Congress moves to extend unemployment benefitsToday is a big day for 2.8 million unemployed people who had, at least temporarily, lost their unemployment benefits. A move to restore extended unemployment payments of up to 99 weeks won a key Senate procedural vote.

A final vote could come later today (July 20).

The House is expected to take up the legislation on Wednesday and President Obama to sign it by Friday. States could begin issuing retroactive checks as early as next week, though it could take longer in some states.

Experts said states have to not only rewrite software to issue the retroactive checks, but in at least one state -- Florida -- may have to go to the state legislature for authority to issue them.

Some states are not ready to pay retroactively, according to Rebecca Dixon, a policy analyst for the National Employment Law Project. .If the Senate rejects the extension, the 2.8 million and many more could be out of luck. Congress is about to take its August recess, but Democrats claim they have the votes.

The Senate battle impacts unemployment payments after the initial 26 weeks of benefits, a time when a series of federal unemployment extensions usually kick in during periods of high unemployment.

One extension offers another 20 weeks of benefits nationally. A second gives another 14. Then in states with higher unemployment, two more extensions can allow benefits for a total of 99 weeks. Normally that process is seamless. Unemployed people just move through each extension available in their state.

Since June 1, the Senate stalemate has halted that normal movement for 48 days. Instead, every time an unemployed person completes one of the periods, benefits have halted. That can leave newly unemployed people with as little as 26 weeks of benefits.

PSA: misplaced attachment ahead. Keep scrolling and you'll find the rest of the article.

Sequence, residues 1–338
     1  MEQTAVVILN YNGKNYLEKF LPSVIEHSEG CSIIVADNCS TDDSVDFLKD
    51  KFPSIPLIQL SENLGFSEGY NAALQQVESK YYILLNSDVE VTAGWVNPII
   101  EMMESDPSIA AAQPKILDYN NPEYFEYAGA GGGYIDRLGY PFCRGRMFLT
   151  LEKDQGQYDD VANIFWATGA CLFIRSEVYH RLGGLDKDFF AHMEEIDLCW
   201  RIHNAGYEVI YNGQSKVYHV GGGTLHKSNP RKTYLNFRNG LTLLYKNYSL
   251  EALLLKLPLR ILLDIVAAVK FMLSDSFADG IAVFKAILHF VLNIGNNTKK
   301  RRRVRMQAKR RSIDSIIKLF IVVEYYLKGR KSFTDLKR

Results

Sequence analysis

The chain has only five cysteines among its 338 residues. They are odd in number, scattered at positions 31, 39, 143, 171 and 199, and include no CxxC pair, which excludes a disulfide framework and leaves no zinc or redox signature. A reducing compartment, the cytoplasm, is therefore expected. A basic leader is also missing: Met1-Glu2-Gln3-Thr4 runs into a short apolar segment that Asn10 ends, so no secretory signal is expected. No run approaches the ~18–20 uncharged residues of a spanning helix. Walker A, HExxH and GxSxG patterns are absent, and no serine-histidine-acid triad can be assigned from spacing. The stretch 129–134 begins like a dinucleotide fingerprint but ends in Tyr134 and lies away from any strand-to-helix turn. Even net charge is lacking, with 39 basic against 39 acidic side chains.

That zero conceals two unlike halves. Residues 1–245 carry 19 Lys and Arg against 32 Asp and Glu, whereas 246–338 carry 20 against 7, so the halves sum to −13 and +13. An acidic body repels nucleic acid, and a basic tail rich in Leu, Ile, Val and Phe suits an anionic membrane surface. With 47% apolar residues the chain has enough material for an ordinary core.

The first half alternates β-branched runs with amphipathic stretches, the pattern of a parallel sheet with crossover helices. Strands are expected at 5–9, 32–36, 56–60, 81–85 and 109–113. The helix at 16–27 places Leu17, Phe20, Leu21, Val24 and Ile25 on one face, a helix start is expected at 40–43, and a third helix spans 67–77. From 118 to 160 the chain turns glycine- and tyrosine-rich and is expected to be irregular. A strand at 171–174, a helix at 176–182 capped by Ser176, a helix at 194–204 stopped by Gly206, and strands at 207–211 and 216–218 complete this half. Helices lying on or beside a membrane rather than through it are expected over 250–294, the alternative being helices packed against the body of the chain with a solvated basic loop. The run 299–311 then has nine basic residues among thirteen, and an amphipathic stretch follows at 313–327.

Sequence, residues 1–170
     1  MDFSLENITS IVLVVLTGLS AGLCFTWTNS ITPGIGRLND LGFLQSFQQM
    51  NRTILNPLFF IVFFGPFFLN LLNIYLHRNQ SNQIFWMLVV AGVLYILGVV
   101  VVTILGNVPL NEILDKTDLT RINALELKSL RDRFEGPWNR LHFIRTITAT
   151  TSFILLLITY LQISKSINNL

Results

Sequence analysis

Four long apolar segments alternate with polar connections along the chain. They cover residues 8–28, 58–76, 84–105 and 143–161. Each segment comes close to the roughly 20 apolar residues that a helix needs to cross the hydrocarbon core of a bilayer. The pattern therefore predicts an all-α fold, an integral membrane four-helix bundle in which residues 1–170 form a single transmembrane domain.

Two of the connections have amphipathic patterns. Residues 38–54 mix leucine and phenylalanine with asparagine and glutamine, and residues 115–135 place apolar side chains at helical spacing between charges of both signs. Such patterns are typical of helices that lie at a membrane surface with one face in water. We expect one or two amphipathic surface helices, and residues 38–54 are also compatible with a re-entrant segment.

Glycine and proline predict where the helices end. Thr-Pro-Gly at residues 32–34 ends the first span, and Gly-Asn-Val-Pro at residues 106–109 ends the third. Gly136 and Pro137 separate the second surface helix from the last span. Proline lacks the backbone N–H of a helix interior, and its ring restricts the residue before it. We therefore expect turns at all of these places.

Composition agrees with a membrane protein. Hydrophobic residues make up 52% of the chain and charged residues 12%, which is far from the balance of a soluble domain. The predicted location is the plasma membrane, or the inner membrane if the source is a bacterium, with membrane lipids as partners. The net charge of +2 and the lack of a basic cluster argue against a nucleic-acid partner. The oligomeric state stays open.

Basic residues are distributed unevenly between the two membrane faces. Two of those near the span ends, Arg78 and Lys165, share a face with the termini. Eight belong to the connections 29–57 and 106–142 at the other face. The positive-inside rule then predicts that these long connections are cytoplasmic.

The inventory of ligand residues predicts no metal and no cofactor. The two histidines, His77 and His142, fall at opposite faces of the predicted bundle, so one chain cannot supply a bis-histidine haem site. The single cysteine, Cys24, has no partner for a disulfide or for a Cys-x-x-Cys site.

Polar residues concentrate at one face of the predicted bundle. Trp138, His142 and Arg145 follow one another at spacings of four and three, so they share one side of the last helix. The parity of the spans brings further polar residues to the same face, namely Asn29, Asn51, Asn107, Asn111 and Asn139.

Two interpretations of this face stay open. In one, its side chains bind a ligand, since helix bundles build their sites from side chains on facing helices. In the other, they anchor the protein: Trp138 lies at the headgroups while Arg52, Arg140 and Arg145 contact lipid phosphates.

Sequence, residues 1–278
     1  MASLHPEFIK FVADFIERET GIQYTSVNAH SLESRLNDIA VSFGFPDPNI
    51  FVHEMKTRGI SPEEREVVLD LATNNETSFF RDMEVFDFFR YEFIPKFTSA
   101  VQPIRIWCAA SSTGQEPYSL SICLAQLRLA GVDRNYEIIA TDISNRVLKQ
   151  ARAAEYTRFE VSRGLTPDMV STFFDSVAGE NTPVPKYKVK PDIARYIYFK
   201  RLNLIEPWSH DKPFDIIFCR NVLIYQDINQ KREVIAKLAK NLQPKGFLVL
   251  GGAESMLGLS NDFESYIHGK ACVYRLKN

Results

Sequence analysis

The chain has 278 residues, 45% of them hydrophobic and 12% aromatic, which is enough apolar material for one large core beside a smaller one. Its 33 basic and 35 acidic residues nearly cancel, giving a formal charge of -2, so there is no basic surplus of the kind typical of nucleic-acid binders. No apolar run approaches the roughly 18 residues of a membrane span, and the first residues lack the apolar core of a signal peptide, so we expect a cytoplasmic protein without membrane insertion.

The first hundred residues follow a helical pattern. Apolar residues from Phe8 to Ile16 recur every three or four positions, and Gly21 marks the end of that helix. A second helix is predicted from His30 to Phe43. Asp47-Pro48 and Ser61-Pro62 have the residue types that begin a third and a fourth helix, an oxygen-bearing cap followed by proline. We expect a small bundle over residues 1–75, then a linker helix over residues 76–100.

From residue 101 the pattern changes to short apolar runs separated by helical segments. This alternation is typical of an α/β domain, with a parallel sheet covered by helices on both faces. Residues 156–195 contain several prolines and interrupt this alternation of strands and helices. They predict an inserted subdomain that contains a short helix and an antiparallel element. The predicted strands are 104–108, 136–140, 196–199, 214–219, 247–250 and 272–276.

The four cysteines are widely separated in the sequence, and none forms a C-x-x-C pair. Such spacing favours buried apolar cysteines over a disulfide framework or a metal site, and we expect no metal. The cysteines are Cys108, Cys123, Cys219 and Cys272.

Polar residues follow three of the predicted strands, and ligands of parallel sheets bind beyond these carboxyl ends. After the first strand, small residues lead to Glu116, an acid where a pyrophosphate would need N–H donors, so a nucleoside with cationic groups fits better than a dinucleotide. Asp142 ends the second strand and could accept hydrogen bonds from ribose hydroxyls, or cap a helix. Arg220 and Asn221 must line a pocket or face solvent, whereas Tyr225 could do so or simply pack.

The Department of Labor estimates 2.8 million unemployed will be minus benefits by week's end. That number grows several hundred thousand each week as additional people hit the end of one of the extension periods.

States, expecting the claims to eventually be paid, have urged the unemployed to continue to file claims, but Dixon said the extent of the delay is making the payments increasingly complex for the states.

"The longer it stays in limbo, the harder it is for the states to pick up," she said. She noted the 48 days, while the third this year, far exceeds any past delay. The delay forces states to track and issue checks to more and more people.

Democrats and Republicans both want the extension. They are battling over how to pay the $34 billion costs. Republicans don't want to raise the deficit and want a cutback in other programs to pay for the extension. Democrats have already cut back some other related programs, including one that has provided up to 65% of the cost for COBRA health care coverage for a year. (Newly unemployed no longer get the benefit.) The Democrats argue the unemployment extension itself is traditional in a time of high unemployment.

Monday, President Obama hit Republicans about the delay.

"There's been a tradition –- under both Democratic and Republican presidents –- to offer relief to the unemployed," the president said. "But right now, these benefits –- benefits that are often the person's sole source of income while they're looking for work -– are in jeopardy."

Democrats had been confidant because they entered today's vote with one advantage. Carte Goodwin was sworn in this afternoon to replace the late Sen. Robert Byrd, which gave Democrats a key extra vote.

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